Tuesday, July 29, 2014

Supporting Veterans in the Classroom

June 2014

In 2007–08, approximately 4 percent of all US college and university students were veterans or activeduty soldiers; since the drawdown began in Iraq and Afghanistan, the number of student veterans has risen. Yet few statistics exist to show how veterans are doing in college. Larry Abramson reported on National Public Radio on December 5, 2012, that “there are no national statistics on veterans’ graduation rates.” While the United States is doing a better job in its treatment of veterans today than it did following the Vietnam War, severe problems persist. Veterans face long waits for disability payments and endure higher-than-average homelessness and suicide rates. According to a Bureau of Labor Statistics study, recent efforts have reduced the overall unemployment rate among veterans to 7 percent, but veterans of post–September 11 conflicts have a 10.8 percent rate. Historically, the unemployment rate for combat veterans has been about three percentage points higher than the rate for all veterans.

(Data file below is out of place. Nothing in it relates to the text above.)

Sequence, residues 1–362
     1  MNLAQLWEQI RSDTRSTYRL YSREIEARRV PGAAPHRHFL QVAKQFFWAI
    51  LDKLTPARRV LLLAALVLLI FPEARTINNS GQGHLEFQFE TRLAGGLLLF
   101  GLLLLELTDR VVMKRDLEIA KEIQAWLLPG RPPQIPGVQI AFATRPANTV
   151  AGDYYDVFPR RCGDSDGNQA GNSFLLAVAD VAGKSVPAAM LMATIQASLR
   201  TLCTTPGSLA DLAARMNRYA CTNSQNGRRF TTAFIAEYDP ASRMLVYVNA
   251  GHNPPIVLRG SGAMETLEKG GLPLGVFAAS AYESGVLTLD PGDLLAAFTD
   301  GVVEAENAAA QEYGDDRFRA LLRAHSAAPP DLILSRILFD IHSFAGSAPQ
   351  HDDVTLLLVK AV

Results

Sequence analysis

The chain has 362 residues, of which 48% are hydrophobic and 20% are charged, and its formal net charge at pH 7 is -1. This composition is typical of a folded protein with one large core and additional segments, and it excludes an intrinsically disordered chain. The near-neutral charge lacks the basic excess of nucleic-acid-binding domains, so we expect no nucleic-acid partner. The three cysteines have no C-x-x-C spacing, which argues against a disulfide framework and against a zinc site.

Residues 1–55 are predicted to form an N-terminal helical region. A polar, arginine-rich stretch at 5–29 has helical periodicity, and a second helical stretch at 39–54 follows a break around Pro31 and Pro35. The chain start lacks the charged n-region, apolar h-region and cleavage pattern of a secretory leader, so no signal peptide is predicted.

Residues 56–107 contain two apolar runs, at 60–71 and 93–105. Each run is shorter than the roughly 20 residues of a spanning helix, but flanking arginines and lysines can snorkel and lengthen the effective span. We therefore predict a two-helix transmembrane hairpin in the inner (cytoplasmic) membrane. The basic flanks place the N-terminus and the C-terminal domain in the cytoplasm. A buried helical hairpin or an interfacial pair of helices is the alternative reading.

Iraq and Afghanistan Veterans of America, an advocacy group, noted that “one of the greatest challenges veterans report in finding a job is explaining how their military skills translate to the civilian workforce.” Veterans often attempt to bridge that gap by attending college; the US Department of Veterans Affairs reports that 64.8 percent of all veterans take higher education classes. However, veterans often experience difficulties in college, too. Despite the competence they may have developed and demonstrated in the military, some veterans don’t know how to transfer their skills to new environments.

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